The Measurement and Analysis of Cortical Networks

Lecture / Panel
For NYU Community

A. Ravishankar Rao
Assistant Professor
Computer Sciences and Engineering
Fairleigh Dickinson University


Technological advances over the past five years have lead to an unprecedented level of volume and detail in the acquisition of neuroscientific data relating to the mammalian brain. However, this creates significant challenges in the processing and interpretation of this data. We will adopt a network-centric approach to tackle this, as it matches the physical structure of the brain.

We present methods to extract functional brain networks from spatio-temporal time series that describe neural activity, such as in functional magnetic resonance imaging (fMRI). These networks capture intrinsic brain dynamics. We describe computational methods to extract topological regularities in such networks, including motifs and cycles.

We analyze the relationship between the structure of the network, as represented by its motifs, and its function. For instance, example hub neurons in the hippocampus promote synchrony and shortest loops act as pacemakers of neural activity.  We demonstrate the relevance of the network analysis techniques in understanding specific brain-related disorders such as schizophrenia and autism. For instance, the disruption of cortical networks involved in synchronization may be a contributor to autism, and schizophrenic patients have been shown to have higher connectivity within the default mode network.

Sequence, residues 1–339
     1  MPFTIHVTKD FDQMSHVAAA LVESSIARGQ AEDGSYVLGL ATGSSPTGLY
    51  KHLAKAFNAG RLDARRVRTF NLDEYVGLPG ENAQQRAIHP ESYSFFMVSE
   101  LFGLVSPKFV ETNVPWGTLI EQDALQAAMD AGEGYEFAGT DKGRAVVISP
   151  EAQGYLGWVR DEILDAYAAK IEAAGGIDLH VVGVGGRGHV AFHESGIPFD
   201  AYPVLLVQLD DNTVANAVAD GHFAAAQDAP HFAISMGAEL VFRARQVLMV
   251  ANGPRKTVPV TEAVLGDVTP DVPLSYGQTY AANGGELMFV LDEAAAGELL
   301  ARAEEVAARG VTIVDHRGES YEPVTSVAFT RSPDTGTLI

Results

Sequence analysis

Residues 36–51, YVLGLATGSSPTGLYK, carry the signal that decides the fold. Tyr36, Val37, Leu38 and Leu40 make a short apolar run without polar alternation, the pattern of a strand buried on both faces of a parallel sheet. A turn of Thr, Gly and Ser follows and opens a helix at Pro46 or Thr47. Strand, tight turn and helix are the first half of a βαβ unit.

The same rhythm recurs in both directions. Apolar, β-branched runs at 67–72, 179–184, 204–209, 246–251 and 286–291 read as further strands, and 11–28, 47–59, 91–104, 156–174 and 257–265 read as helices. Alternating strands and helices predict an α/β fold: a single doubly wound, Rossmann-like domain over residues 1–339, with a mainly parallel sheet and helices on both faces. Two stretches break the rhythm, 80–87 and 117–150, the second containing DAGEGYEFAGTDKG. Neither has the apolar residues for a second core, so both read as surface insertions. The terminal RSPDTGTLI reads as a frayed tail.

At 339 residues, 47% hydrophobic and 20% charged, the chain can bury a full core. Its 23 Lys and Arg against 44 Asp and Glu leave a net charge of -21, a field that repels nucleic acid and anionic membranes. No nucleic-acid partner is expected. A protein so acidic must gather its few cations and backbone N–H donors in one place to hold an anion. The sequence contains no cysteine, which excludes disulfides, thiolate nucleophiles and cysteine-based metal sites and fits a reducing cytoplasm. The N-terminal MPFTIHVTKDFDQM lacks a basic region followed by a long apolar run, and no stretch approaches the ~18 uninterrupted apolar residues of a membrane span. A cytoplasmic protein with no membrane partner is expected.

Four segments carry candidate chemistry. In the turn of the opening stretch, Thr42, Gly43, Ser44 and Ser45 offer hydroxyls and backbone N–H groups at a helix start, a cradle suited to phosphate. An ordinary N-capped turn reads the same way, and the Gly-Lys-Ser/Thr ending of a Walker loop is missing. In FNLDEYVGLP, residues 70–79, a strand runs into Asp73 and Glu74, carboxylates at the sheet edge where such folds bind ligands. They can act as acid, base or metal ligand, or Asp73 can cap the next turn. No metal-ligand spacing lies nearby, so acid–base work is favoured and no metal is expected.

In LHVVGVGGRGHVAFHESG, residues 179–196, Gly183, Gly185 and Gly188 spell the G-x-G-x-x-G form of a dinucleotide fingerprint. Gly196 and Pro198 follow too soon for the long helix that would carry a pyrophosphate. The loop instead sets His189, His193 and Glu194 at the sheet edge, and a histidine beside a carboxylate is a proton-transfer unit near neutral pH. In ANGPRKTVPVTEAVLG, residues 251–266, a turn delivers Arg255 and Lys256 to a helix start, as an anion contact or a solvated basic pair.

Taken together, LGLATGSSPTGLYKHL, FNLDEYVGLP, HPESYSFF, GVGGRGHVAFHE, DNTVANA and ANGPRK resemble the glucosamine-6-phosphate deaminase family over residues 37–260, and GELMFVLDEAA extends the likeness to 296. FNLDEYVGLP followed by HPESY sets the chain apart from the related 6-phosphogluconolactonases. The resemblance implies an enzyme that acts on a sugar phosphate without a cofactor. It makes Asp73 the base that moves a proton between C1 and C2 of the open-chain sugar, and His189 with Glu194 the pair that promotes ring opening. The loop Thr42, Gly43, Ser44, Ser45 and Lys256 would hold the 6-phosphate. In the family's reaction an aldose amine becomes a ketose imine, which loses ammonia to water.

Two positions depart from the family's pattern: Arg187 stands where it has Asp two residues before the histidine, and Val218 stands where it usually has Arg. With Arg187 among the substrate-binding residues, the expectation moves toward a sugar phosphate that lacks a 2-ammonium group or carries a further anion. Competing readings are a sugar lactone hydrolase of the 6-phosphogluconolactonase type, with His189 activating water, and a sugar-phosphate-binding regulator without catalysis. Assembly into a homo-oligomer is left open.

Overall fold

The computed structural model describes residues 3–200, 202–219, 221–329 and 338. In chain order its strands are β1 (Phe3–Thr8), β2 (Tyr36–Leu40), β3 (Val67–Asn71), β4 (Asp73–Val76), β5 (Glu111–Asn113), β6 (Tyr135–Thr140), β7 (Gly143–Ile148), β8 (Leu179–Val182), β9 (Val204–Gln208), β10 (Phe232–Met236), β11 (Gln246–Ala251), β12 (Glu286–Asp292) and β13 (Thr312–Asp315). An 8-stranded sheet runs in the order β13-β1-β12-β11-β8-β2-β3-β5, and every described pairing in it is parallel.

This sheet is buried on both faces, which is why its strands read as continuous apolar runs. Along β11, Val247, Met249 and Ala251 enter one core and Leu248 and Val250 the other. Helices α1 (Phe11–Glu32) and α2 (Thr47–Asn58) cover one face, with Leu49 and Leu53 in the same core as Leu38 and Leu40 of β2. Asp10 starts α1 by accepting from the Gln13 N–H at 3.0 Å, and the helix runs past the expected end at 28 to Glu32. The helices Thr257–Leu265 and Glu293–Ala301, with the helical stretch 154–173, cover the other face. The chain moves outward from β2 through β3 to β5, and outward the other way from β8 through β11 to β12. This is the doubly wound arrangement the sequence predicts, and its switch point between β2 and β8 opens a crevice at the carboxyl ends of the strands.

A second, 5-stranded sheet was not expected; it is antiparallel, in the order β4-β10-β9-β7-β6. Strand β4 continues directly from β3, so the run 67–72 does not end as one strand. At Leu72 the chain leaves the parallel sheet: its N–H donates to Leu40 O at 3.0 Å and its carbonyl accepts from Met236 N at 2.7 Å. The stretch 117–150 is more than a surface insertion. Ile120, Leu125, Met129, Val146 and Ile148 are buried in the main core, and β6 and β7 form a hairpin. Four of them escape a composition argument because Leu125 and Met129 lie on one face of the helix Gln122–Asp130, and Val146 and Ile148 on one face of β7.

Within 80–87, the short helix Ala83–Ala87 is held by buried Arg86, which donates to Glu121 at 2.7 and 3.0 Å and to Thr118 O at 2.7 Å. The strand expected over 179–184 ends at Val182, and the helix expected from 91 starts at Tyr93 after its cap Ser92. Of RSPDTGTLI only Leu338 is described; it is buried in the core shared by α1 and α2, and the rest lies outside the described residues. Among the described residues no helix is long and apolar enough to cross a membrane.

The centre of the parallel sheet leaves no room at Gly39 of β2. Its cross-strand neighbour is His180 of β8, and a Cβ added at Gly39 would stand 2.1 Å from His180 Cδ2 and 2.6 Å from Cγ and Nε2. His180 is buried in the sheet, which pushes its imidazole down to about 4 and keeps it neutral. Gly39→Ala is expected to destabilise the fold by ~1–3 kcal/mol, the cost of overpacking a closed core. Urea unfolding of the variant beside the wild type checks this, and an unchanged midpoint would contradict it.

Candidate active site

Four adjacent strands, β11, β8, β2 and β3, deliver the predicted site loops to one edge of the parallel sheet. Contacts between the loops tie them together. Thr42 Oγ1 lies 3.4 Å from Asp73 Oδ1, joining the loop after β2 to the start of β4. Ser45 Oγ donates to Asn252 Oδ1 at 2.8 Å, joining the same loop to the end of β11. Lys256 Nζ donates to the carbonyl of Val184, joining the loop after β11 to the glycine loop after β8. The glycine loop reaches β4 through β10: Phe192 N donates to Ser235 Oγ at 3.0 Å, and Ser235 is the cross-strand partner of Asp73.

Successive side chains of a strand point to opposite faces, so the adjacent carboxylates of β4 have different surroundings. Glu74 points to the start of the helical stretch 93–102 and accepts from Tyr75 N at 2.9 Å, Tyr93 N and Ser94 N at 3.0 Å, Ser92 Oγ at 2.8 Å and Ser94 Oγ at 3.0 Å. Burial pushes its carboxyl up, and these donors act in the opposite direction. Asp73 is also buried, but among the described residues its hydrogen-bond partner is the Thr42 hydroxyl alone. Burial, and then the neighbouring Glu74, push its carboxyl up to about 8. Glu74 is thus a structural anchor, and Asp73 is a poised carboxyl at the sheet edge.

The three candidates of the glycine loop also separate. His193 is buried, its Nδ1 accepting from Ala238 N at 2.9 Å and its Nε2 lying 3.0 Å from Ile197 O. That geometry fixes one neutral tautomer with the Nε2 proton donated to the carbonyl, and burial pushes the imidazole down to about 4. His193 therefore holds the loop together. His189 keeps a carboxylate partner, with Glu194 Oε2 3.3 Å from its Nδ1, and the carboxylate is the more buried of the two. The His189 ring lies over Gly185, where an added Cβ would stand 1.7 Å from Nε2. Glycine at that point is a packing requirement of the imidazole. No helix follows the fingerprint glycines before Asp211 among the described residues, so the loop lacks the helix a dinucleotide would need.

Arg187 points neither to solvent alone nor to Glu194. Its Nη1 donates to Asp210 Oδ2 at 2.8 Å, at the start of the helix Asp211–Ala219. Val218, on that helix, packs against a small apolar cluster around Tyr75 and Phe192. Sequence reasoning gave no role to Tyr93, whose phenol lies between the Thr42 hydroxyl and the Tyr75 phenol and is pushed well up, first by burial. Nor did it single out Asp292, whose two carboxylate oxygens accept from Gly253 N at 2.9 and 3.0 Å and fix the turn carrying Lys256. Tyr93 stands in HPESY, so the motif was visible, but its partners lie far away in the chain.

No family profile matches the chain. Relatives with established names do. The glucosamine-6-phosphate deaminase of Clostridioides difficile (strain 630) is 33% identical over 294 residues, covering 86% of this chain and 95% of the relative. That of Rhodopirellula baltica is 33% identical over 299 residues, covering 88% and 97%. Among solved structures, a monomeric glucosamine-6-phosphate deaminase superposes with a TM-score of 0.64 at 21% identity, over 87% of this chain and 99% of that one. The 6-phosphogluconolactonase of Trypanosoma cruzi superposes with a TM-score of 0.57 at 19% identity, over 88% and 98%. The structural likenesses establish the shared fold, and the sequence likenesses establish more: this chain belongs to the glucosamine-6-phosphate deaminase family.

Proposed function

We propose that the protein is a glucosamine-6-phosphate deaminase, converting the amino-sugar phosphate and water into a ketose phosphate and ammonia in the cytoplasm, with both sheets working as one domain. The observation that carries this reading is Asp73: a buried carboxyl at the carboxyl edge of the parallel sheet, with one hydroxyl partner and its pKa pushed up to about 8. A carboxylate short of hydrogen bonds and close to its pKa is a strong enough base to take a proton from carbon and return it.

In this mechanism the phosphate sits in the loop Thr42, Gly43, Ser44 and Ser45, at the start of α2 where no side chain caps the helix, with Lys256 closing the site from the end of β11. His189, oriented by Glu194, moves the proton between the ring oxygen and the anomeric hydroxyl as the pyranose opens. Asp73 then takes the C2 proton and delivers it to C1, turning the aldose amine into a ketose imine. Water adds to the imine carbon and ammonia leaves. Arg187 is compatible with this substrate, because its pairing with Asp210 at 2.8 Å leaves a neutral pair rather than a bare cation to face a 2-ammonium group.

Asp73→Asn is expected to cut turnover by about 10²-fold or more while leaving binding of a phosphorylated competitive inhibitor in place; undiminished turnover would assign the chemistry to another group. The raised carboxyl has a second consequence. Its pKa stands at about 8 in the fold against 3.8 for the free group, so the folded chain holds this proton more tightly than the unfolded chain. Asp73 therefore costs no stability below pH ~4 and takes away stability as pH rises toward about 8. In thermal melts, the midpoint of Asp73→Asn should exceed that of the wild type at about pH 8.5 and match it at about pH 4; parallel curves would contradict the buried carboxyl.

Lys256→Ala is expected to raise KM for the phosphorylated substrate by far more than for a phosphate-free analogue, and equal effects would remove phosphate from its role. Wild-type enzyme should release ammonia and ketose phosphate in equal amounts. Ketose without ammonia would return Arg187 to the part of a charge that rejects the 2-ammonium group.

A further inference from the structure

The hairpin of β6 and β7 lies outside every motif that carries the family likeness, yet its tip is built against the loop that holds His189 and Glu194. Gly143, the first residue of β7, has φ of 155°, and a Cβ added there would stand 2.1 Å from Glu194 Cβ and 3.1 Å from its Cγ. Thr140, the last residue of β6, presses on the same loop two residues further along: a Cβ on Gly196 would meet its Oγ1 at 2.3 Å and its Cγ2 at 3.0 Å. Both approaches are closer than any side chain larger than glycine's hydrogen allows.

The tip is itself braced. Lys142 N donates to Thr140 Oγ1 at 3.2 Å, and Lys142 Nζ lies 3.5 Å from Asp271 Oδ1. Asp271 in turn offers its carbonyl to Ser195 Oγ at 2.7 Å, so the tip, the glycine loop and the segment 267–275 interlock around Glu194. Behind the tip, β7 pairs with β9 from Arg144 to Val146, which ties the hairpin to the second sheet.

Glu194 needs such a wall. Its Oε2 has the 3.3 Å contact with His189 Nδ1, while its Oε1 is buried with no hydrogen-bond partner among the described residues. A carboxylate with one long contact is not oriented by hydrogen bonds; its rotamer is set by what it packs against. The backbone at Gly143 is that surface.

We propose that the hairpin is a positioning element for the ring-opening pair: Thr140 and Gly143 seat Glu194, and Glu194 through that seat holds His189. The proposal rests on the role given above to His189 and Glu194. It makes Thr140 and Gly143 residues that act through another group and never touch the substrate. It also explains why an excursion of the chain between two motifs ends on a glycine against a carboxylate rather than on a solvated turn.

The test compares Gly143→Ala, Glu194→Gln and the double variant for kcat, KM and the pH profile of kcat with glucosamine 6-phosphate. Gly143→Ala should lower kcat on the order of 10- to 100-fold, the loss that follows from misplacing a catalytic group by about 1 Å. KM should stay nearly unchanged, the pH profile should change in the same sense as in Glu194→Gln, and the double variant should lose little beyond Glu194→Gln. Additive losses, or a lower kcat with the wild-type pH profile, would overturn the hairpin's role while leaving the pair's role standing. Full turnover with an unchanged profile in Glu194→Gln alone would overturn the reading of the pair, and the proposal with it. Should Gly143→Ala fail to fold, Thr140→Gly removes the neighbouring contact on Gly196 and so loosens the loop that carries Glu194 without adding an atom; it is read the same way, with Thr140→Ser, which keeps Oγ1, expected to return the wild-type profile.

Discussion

Dr. A. Ravishankar Rao is an Assistant Professor of Computer Sciences and Engineering at Fairleigh Dickinson University, NJ. He worked until recently as a Research staff member at the Computational Biology Center within the IBM T.J. Watson Research Center. His research interests include image processing, computer vision and computational neuroscience. He worked on the analysis of brain images and mathematical modeling of neural circuits with the goal of understanding computation in the brain. He is an Associate Editor of the journals Pattern Recognition and Machine Vision and Applications. He received his B.Tech degree in electrical engineering from the Indian Institute of Technology, and a Ph.D.  in computer engineering from the University of Michigan, Ann Arbor. His research has resulted in twenty-seven patents and eighty publications. He has published a book entitled ``A Taxonomy for Texture Description and Identification,'' and co-edited the books, ``High throughput Image Reconstruction and Analysis'', and “The Relevance of the Time Domain to Neural Network Models”. He is the founding chair of the New York Chapter of the IEEE Computational Intelligence Society. He is an IEEE Fellow, and a former Master Inventor at IBM.